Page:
The Mystery of Good Choices
May 16, 2016
Time’s not only slipping away, but waterfalling down a vertical slide.
I’m easily overwhelmed on a good day.
Can you imagine me with a few weeks left of work (at the busiest time of the year), making sure I wrap as much of my seven years up into a tidy package as I can to hand over to Lisa while fielding conversation after conversation about my move, and keeping the house perfect for showings? Plus, the day to day, while attempting some semblance of normalcy for the kids. I know! You’re ripping your hair out just thinking about it! Well, it was tough.
This kinda stress was a constant rock stuck in my stomach. I was moody and anxious. No de-stress coloring book or long, hot bath could soothe the craziness of my life. The only way through it was to take one thing at a time and let the rest go.
My journal during this time reads like a psycho’s - all mismatched random thoughts, scribbles, doodles. It’s a challenge extracting something meaningful from it all.
In the middle of all my rantings about bad moods and fruitless showings, I jotted down a story about one of my preschool friends.
Let’s call her Girlie. Girlie is a sassy, sweet little girl and we’ve gotten to know each other quite well. Sometimes, she has a hard time with authority.
On this particular day, she decided she would not complete the assignment given to her. She threw a fit that ended with her folding her arms across her chest and pouting. She’s super good at pouting. Nose scrunched and lips pressed together, that’s when she became my bench buddy.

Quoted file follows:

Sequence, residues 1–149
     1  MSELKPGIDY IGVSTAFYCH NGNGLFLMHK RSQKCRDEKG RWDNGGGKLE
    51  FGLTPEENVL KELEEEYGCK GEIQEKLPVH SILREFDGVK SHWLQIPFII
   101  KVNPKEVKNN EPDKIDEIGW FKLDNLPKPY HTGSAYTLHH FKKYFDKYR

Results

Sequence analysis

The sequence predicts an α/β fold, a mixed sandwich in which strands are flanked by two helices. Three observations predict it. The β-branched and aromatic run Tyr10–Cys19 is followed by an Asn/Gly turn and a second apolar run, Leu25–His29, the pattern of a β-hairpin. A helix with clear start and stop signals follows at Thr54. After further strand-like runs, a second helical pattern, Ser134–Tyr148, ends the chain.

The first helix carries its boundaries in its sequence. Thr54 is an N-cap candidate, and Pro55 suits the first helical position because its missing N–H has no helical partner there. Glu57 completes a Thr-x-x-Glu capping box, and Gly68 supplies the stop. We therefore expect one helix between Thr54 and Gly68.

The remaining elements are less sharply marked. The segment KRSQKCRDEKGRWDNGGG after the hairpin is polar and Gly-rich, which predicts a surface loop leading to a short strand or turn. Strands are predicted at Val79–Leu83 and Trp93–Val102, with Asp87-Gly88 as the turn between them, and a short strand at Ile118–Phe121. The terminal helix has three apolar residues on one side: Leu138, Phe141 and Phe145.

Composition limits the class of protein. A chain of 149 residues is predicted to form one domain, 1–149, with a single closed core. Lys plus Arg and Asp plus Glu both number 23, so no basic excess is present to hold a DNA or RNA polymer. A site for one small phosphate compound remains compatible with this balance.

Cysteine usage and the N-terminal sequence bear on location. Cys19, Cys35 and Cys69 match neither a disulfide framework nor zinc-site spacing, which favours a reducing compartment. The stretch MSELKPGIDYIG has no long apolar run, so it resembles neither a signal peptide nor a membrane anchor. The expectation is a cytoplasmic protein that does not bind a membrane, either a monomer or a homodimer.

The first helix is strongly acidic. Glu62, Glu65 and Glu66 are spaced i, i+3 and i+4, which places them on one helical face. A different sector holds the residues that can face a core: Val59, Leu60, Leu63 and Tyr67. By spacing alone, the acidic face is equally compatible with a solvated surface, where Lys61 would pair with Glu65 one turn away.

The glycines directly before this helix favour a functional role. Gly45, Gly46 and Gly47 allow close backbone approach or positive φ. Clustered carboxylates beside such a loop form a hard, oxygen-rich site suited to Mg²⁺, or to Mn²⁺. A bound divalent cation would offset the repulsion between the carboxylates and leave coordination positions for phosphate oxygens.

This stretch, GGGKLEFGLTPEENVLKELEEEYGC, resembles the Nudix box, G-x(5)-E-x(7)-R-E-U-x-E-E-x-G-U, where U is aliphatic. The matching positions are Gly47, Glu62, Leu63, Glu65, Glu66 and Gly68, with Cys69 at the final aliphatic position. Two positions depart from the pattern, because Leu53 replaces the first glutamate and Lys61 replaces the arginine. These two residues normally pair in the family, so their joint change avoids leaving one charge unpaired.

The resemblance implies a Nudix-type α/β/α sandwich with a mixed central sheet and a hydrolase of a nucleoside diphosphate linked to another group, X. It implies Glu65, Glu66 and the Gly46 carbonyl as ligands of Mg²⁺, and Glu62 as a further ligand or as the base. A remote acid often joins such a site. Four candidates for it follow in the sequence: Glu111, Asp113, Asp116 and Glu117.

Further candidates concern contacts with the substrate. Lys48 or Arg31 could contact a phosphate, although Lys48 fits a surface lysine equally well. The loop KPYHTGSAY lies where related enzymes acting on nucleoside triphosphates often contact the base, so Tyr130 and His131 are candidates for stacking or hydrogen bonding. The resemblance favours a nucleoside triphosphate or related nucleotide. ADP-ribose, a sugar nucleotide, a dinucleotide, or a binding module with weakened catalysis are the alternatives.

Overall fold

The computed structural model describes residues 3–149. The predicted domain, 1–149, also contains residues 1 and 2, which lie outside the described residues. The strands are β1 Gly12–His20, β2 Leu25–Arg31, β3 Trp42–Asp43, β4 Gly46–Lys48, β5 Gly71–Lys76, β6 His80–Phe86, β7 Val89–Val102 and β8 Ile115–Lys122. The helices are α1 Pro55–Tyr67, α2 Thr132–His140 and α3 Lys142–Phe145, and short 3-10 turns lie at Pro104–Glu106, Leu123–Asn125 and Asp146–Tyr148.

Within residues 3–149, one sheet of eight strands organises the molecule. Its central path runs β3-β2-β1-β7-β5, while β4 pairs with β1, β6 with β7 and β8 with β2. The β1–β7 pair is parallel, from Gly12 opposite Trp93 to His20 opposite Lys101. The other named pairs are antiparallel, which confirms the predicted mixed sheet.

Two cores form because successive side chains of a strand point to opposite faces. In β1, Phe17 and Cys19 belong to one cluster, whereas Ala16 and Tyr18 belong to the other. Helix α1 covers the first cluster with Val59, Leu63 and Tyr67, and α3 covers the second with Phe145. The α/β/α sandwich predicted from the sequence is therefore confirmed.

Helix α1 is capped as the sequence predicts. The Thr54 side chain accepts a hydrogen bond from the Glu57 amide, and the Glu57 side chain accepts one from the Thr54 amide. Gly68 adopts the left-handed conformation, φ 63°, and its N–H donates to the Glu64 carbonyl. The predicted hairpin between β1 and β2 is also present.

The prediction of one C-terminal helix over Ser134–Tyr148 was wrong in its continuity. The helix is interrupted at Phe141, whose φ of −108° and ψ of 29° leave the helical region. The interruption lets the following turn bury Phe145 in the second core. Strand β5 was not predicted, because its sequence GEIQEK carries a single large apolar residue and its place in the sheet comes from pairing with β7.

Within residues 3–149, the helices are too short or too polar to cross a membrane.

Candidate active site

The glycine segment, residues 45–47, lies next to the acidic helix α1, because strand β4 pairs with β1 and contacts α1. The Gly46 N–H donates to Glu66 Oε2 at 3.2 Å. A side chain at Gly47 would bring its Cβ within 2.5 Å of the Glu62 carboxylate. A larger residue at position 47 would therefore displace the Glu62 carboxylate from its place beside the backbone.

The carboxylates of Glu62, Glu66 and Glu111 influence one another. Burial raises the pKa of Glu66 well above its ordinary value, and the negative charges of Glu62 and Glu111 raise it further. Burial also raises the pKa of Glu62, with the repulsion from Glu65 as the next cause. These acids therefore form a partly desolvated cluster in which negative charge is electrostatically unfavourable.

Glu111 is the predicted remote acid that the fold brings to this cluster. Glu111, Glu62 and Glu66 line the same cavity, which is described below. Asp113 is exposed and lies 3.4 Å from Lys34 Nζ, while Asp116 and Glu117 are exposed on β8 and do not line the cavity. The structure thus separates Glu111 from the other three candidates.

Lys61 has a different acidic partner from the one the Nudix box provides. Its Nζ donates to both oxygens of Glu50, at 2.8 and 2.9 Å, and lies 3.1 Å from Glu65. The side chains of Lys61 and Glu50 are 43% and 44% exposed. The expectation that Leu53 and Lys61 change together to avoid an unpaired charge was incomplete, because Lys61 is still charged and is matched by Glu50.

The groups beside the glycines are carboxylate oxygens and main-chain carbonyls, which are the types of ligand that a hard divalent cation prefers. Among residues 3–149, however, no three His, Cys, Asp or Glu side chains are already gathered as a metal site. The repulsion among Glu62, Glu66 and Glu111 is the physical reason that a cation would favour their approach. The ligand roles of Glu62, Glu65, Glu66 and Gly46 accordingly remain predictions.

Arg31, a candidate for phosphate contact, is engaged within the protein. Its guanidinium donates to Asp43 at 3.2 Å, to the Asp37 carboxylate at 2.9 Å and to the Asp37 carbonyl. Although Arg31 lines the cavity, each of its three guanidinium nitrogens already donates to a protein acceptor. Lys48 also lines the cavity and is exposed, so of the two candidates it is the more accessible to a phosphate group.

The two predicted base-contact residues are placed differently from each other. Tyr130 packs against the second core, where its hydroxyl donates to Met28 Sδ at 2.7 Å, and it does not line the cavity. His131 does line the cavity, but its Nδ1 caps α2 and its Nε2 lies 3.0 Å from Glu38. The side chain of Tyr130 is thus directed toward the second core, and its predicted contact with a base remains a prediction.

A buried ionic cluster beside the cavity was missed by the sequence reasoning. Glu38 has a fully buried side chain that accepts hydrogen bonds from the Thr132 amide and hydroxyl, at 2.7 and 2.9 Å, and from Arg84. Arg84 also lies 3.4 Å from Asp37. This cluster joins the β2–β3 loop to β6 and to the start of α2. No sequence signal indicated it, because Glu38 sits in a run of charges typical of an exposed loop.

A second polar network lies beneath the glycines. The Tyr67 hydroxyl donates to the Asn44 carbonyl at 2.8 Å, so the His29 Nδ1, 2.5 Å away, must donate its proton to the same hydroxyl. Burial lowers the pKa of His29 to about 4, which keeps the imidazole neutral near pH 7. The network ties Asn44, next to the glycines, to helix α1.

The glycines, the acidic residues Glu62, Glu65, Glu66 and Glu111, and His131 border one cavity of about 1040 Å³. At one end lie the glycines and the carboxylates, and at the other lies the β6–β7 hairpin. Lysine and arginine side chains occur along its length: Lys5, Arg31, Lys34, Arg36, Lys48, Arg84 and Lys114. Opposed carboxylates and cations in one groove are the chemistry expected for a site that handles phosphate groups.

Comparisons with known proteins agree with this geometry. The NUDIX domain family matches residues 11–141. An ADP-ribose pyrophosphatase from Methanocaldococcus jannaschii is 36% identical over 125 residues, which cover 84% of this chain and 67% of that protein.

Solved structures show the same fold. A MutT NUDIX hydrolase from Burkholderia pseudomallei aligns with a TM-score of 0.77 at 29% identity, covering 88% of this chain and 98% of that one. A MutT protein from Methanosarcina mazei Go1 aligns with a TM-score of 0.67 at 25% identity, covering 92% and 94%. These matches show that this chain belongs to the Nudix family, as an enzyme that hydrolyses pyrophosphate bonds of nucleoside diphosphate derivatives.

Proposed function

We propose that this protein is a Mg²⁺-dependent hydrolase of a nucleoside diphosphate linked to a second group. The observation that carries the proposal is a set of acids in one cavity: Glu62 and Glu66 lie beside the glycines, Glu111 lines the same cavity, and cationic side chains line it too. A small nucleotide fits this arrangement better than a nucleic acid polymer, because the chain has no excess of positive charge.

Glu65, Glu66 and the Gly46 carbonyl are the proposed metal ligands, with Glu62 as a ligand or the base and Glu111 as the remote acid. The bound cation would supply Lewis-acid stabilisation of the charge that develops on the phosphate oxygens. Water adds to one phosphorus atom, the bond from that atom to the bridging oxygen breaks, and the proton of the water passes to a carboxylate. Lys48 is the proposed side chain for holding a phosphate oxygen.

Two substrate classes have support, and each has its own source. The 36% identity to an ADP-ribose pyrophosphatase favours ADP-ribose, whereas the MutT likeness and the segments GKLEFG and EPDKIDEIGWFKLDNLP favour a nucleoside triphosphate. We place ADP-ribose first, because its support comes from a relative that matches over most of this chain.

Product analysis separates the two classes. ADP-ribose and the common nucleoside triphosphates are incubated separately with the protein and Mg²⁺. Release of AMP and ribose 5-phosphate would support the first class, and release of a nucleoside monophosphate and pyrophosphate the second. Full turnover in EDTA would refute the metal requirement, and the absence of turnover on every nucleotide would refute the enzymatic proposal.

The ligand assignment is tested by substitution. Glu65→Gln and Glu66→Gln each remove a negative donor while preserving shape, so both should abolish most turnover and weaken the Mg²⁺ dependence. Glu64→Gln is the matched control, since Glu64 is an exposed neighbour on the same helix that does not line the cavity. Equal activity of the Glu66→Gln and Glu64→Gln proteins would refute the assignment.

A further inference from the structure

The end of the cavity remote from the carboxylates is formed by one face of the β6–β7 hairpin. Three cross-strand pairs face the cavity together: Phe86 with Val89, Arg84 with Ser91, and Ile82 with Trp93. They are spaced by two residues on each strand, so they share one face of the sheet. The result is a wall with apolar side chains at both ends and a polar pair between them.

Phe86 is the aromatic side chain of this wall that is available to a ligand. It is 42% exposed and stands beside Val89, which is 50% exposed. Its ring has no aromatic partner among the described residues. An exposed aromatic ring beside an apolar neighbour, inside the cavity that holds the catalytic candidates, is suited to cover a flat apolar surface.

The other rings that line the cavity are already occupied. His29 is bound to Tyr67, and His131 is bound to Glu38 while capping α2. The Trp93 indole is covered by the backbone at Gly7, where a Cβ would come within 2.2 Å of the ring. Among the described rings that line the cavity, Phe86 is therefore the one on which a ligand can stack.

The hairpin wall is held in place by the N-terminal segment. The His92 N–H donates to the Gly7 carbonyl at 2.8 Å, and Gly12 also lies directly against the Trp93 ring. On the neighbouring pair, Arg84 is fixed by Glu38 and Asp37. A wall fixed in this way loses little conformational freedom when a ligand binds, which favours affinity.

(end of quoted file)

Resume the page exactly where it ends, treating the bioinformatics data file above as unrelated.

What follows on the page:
The Director handles discipline that takes more time than a classroom teacher can give. Girlie knew the deal. She’d been on the bench before. Many children have, and though the bench isn’t a magic wand, it usually gives children a break from the classroom and a moment when they can talk it out. The typical bench time is just a couple of minutes before the child apologizes to the offended (teacher or other child) and rejoins the group. It’s a very loving, nurturing method of helping children make good choices.
Girlie takes a little more time than most.
“It’s your choice,” I told her after several pouting minutes. “You can be grumpy and bored out here or happy and obedient in there.”
Girlie is an expert at waiting out authority figures. I am an expert at waiting out stubborn kids. Girlie and I belonged together. Course, it was a mystery how long she'd wait me out.
Girlie missed show and tell, circle time, and playground - all her choice - until she finally realized that I was serious. She accepted defeat, smiling as she did her assignment. Then, she rejoined the class, happy as a clam.
She was a good reminder to me that how we handle things is always up to us.
Sure, I could’ve gone mom-zilla or boss-zilla or whatever other kind of zilla (sometimes, I did). I could’ve been in a perpetual bad mood, which is really just a grown-up tantrum. In some ways, that could’ve been easier. The stress alone had me riding that sharp edge every minute. But, God! I would’ve missed so much good stuff!
Every day I had a choice to be Martha (busy and frustrated) or to be Mary (just happy to be there).
I didn’t always make the right choice. I’m sure I squandered a lot of time freaking out over to-do lists.
But, whenever I chose living life to doing life, everything was better. I wasn’t spiraling down a waterfall. I was soaking it up.
“I love it when you make good choices,” I told Girlie when she finally said she wanted to finish her work and rejoin the class.
“Martha, Martha,” the Lord answered, “you are worried and upset about many things, but few things are needed—or indeed only one. Mary has chosen what is better, and it will not be taken away from her.”